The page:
"Place of the strong currents"
Courtesy of 'Journal of the Upper Ards Historical Society'
During the 9th Century the Viking raids began. These were Norsemen and Danes from Scandinavia. Ireland and other countries bordering on the North Atlantic were to be subjected for nearly three centuries to spasmodic raids by these aggressive invaders.
They raided mainly around the coasts, although they penetrated into Lough Neagh and up the Shannon River...
The Vikings raided churches for rich treasurers and destroyed centuries of recorded history and works of art. Bangor was sacked in 823 and 824 while Downpatrick and Movilla were also sacked in 825. This marked the start of the Viking age proper when raids also occurred far inland.
There is evidence of a Viking base in the Strangford Lough in the mid 9th Century, thought to be about 822 but it is not known how long it lasted. What is thought to be a Viking bracelet has recently been found in the vicinity of Inishargie, Kircubbin. This is the only substantial physical evidence for the Viking invasion of Strangford Lough.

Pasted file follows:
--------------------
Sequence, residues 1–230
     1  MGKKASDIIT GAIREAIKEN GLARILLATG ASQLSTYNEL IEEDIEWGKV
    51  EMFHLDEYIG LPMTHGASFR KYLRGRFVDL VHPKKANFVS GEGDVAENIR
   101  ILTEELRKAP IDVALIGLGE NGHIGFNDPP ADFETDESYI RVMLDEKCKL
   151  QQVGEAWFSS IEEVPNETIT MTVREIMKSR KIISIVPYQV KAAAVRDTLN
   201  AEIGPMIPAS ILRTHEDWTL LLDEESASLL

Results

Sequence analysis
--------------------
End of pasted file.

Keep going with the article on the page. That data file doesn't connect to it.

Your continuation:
By 970 a military alliance was set up between Ulaid and the Vikings and from then until 1014 gradually merged into Irish Society.
On the plus side for these raiders, they set up the first towns in Ireland, namely Dublin, Waterford and limerick. From their ports they carried on a substantial maritime trade. They are reputed to have introduced silver and metal craft to Ireland.
The Vikings invaded Carlingford and Strangford Loughs, giving both their names. The name Strangford originally referred only to the Narrows - strong inlet. Originally, this name refers only to the narrow channel linking the loch to the sea (between the villages of Portaferry and Strangford). Up until the 18th century the main body of the loch was better known by its older, Irish name, Loch Cuan.